Well, it also stays pocketbook-friendly by not having those accessories. Also, the game is compatible with the Big Button controller, in case somebody’s already got one. But we think it works just fine with the standard controllers for each console.
Seeing the rise and fall of more spectacular massive-style game shows like 1 vs 100 on Xbox Live did the team face any concerns designing a new multiplayer online experience for YDKJ?
Not really. There were challenges, obviously, but 1 vs. 100 was a unique case in that it required players to play at a specific time to fully experience the game. We thought that was an intriguing idea, but of course with YDKJ, you can play anytime, anywhere, wearing anything you want.
Through the 90’s YDKJ games were released 2-4 times per year in order to stay fresh and relevant. How will the new YDKJ keep content fresh for players post-release?
We’ve got downloadable content that will be released on Xbox LIVE and PlayStation Network. We also have a few other surprises up our sleeves, but we’ll keep them there for now, until they become too itchy.
In the classic games the game has checked your system’s date and time to deliver context-sensitive insults from the hosts. Does the new YDKJ make use of any similar extraneous monitoring to add additional realism to the experience?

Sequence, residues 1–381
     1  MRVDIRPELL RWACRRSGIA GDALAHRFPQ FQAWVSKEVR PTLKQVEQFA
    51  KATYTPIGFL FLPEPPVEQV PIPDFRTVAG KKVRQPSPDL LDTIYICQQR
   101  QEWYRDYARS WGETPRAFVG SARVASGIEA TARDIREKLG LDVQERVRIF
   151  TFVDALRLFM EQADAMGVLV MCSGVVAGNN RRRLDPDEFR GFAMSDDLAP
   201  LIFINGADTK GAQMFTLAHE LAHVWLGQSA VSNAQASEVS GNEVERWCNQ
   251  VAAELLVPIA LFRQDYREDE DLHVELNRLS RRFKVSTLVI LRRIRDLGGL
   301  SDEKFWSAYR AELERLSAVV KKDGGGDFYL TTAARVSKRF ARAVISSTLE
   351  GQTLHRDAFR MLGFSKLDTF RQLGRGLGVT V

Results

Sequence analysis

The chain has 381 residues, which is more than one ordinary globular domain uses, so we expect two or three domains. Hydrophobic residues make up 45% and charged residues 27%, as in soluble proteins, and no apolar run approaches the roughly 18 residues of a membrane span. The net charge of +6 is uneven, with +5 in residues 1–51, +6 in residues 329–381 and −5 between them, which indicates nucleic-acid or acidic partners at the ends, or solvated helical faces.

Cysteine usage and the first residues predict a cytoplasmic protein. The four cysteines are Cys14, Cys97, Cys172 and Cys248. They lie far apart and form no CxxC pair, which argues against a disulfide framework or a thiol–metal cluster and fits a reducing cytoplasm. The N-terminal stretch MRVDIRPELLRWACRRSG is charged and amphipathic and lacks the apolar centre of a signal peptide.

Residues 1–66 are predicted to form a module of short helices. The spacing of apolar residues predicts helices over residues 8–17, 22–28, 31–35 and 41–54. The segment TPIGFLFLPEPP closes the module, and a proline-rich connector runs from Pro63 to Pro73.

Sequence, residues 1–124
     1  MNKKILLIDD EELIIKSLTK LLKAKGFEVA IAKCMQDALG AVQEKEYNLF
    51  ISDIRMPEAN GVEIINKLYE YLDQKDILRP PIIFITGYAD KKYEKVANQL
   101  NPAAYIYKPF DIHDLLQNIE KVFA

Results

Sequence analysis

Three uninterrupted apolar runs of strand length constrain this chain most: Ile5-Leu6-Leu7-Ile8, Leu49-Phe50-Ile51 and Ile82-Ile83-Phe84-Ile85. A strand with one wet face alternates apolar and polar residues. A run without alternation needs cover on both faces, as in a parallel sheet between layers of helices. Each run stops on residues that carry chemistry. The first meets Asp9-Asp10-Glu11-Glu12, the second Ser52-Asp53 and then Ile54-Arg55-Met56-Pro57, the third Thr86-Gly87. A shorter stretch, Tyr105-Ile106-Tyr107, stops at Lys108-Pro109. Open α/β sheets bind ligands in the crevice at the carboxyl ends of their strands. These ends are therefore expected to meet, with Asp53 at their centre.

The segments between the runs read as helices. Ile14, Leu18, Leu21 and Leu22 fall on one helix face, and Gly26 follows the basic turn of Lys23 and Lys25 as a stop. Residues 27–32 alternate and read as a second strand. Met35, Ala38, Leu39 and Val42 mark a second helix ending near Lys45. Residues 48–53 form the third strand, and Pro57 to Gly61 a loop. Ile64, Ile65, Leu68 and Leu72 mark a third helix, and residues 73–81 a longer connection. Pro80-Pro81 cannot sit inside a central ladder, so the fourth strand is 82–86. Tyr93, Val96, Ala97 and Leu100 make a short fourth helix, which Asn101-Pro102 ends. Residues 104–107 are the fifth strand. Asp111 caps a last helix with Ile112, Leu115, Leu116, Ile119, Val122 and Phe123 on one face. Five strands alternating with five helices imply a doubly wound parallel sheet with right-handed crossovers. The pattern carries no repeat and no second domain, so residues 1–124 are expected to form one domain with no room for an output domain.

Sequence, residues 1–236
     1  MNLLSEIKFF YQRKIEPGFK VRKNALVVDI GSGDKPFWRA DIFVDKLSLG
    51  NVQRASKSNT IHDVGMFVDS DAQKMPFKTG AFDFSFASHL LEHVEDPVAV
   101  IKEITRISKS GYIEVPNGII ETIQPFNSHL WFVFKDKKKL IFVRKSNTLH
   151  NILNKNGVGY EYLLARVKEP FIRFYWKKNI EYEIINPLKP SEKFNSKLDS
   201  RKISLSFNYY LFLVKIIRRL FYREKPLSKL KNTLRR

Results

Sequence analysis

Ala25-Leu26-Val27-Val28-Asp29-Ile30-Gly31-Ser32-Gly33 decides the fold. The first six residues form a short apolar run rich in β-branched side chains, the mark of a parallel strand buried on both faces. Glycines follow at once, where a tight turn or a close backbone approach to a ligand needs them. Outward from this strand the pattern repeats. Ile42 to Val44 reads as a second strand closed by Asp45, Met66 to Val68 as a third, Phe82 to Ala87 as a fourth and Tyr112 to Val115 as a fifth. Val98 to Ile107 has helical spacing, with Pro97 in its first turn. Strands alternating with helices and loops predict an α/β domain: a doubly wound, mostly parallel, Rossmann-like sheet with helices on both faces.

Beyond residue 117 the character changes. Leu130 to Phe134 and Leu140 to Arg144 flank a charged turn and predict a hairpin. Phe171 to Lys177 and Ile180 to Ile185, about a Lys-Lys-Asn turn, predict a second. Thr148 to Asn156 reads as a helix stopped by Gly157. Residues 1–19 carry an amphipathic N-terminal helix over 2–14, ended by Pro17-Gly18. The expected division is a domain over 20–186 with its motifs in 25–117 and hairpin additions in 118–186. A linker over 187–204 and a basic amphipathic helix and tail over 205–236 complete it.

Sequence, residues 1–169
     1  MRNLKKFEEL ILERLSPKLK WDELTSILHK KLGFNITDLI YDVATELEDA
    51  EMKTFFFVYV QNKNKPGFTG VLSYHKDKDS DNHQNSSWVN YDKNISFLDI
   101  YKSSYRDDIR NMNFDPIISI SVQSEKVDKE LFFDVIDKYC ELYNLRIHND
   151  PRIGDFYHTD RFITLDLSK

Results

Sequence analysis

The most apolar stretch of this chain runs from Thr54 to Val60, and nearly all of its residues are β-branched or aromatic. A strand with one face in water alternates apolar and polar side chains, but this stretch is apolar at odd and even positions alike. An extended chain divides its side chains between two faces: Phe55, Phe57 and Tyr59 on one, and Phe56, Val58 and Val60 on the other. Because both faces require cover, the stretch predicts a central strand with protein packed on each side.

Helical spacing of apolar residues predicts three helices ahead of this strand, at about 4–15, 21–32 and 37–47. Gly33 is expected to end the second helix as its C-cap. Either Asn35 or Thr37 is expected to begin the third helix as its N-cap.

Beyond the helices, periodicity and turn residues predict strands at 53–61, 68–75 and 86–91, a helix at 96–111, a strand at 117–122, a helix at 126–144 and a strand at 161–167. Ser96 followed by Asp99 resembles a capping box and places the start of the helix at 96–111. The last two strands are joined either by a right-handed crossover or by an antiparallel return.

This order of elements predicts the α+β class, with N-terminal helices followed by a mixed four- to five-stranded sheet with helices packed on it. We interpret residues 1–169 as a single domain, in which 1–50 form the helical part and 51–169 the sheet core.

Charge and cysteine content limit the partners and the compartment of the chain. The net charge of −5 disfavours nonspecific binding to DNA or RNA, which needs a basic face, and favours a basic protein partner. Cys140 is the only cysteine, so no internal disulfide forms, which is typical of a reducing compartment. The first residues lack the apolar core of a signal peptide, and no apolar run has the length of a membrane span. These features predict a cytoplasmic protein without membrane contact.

Maybe. We’re not going to give everything away, you know. We will say this: If you play a lot by yourself on weekend nights, we’ll know about it. We’ll know.
Why do you think the YDKJ games have endured for so long when other trivia games have come and gone over the years? What’s the secret to the series’ success?
When we first developed the idea for YOU DON’T KNOW JACK, the goal was simple: Create a trivia game for people who don’t like trivia games. By mixing in pop culture references, focusing on story and comedy, and encouraging party play, we were able to do capture that audience. The great thing was, though, that in creating a game for people who didn’t like trivia games, we also created a game that appealed to people who DO like trivia games. So we kind of lucked out on that one. Now, after all these years, we think we’ve pretty much honed this machine into top working order, and we think it shows in our newest version.